Thursday, July 10, 2003

Jimmy Kenny's Funeral

Funerals are by their very nature sad occasions.  They are at once private yet public events.  Nowhere is this more evident than in the funeral of prominent figures where family grief is overlaid with the public mourning for one admired or remembered with fondness within his or her community.

My father was a great attender of funerals.  In his case it was a measure of his neighbourliness, his respect for the people with whom he came in contact in his daily life.  I haven’t been able to quite match his assiduous funeral attendance record but nevertheless a week seldom goes by without the opportunity to walk behind a hearse as it makes its slow progress to one of the local cemeteries.

Last week I attended the funeral of a man whom I had met but on a few occasions.  One of those was when he called to give me a work manual for agricultural machinery which he and his workmates had used during their time in Duthie Larges.  Jimmy Kenny was a very quiet man who came to Athy over 60 years ago when his father took up a job as a steward for Telfords of Barrowford.  Jimmy married a local girl Jo Pender in 1958 and they had four daughters, all of whom in one way or another played a significant part in making his funeral Mass last week a wonderfully memorable occasion.  I cannot recall a funeral in St. Michael’s Church or indeed any other Church which was marked with such considered dignity and unabashed filial love and devotion.  It was a most moving experience as Jimmy’s family paid their last respects to a much loved husband and father.

The offertory procession gave Jimmy’s grandchildren the opportunity to play their part.  Each in turn brought to the altar an item symbolising an element of the life which had departed just days before.  Tools, a symbol of Jimmy’s work and skill as a mechanic, a model car highlighting his fondness for cars, a football and a County Kildare jersey befitting a man who was a follower and a supporter of his adopted county’s involvement in our national game.  His cap, which he was never without, music which he nurtured and encouraged in his children, and flowers including two peace lillies which Jimmy had grown in his own garden.  The final gift was a photograph of his youngest grandchild carried to the altar by his daughter Siobhan and her husband Glen, before Eileen, the eldest of the four daughters, read a poem written by Jimmy and Jo which they had entitled “Our Four Girls”.  To those who knew Jimmy Kenny well undoubtedly these were emotional moments as the dignified procession of personal items made their appearance one by one, accompanied by the commentary of his eldest daughter Eileen.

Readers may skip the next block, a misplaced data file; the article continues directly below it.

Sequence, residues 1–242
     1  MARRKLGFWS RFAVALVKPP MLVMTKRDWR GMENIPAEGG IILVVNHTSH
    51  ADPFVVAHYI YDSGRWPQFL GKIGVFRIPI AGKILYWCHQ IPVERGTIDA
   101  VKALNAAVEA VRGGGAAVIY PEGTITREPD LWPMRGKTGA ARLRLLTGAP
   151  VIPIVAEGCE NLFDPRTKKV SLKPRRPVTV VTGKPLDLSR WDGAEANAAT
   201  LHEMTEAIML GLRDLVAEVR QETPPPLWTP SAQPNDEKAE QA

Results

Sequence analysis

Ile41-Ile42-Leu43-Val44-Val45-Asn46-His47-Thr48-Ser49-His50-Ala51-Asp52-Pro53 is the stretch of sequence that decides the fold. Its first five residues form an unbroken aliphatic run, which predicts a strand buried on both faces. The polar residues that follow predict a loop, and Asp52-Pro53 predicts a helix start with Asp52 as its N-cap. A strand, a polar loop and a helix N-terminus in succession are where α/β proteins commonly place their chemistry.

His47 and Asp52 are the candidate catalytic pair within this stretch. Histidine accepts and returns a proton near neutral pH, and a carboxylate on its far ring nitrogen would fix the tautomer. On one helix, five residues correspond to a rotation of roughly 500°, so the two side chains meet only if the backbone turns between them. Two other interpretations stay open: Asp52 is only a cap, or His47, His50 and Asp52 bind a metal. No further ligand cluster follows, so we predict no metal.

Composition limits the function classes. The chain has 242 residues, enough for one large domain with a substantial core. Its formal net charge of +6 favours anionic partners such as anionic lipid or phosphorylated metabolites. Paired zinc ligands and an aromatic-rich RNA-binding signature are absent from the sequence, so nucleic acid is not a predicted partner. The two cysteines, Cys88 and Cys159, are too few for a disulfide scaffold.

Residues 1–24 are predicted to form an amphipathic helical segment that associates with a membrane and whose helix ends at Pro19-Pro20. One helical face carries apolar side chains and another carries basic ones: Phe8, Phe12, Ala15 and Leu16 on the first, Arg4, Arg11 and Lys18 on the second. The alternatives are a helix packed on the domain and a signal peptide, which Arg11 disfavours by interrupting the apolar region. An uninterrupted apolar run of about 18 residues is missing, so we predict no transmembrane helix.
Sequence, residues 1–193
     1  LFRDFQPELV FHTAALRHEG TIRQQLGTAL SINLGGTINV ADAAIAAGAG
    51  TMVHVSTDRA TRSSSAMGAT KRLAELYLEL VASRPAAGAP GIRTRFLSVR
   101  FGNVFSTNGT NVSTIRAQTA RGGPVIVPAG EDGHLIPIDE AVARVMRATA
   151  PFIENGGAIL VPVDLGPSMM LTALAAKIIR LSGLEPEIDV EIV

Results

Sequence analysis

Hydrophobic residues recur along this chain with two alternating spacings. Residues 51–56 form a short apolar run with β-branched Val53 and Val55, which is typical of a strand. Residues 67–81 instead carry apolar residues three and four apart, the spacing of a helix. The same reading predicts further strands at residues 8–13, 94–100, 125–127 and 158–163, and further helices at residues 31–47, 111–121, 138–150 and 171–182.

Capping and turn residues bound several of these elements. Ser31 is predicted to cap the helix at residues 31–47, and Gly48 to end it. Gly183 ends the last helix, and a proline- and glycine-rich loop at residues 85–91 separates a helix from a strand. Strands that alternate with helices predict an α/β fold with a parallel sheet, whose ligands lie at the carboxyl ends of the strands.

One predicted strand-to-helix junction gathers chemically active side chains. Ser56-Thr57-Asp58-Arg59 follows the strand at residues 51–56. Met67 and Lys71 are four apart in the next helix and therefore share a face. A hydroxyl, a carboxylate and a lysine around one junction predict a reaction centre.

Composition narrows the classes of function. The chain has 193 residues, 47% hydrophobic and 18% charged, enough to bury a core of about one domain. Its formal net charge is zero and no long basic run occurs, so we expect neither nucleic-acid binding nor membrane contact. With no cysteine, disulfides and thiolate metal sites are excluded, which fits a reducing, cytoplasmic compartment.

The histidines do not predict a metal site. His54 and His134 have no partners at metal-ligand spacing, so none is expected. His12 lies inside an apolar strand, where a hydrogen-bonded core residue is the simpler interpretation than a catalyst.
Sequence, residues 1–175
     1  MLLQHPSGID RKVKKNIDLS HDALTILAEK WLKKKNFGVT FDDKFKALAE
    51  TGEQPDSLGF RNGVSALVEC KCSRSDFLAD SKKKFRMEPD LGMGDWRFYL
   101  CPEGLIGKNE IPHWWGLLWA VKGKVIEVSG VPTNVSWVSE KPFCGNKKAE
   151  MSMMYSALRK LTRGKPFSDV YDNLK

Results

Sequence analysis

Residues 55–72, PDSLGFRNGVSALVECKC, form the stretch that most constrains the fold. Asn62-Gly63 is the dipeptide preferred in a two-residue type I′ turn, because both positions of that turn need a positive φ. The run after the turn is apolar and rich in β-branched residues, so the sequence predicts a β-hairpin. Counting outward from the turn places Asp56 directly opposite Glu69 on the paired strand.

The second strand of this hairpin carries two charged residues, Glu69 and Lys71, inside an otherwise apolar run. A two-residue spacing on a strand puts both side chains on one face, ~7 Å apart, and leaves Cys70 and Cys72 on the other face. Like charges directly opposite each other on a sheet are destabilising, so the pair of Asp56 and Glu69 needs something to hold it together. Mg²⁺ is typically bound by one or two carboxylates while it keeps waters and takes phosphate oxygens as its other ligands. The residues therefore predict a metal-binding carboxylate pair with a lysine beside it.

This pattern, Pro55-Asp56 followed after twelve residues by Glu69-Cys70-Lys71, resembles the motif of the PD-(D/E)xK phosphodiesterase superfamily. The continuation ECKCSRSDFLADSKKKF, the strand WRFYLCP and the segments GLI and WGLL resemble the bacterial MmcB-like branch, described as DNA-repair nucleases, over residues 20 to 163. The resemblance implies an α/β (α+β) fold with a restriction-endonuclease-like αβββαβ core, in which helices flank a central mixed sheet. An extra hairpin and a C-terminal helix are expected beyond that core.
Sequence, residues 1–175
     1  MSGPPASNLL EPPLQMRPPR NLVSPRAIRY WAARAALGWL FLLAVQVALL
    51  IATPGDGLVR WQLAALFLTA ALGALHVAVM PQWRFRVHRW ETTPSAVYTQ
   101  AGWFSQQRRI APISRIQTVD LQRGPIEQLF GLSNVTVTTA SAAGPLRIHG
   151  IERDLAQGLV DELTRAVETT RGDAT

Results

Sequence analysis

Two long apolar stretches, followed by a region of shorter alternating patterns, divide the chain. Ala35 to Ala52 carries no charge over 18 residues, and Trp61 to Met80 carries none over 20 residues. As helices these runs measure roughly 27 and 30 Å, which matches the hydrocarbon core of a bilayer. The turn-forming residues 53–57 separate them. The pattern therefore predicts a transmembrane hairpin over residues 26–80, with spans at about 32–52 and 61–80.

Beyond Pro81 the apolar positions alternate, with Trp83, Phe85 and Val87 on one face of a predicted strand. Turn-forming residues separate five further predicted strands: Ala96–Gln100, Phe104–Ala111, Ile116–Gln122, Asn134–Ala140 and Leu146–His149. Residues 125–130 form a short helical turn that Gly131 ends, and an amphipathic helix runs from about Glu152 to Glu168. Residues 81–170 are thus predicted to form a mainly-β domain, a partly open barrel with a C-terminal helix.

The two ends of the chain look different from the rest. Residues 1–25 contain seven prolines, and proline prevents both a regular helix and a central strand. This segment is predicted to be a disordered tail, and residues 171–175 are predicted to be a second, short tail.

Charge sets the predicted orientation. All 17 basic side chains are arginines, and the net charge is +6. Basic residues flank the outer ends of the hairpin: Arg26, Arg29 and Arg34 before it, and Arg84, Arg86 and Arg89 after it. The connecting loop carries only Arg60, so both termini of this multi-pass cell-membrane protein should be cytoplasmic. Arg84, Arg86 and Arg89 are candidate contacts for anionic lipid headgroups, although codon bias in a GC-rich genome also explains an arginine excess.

Later as the Mass progressed the Church was filled with the haunting words and melody of a song composed and sung by Eileen.  Her voice, beautiful in its intonation and clarity, was that of an angel’s.  Seldom have I heard anyone sing so sweetly, yet so powerfully, and the words which reverberated around the Church were those written by a first child for a much loved father. 

There is a treasure in my heart
It is your smile and warm embrace
There is a memory I will keep
It is the picture of your face

No more suffering, no more pain
The angels wings will bring you home
Now as you journey to the light
You are forever in my sight

So fly spirit, fly so high
Reach out for god and you will find
That he is there and you will see
He’ll hold you close
And keep you safe for me

Your life with us was full of love
Your beauty came from god above
And now you reach out for his grace
Reach and touch that sacred space

 At the conclusion of the Mass daughters Mary and Geraldine stepped up to the sanctuary where Mary played on the accordion the opening chords of a song composed by Phil Coulter and popularised by the Furey Brothers “The Old Man”.  Geraldine sang to her sisters plaintive accompaniment the words slightly adopted to suit the sad occasion.

“The tears have all been shed now
We have said the last goodbye
His soul has been blessed
He is laid to rest
And now we feel alone
He was more than just a father
Our teacher, our best friend
And he will still be heard in the tunes  we share
As we gather on our own.”

It was a fitting conclusion to a memorial service which was a celebration of a life and a tribute to that life which onlookers like myself found emotionally charged yet enchanting and spiritually uplifting.

Jimmy Kenny’s family did him proud.

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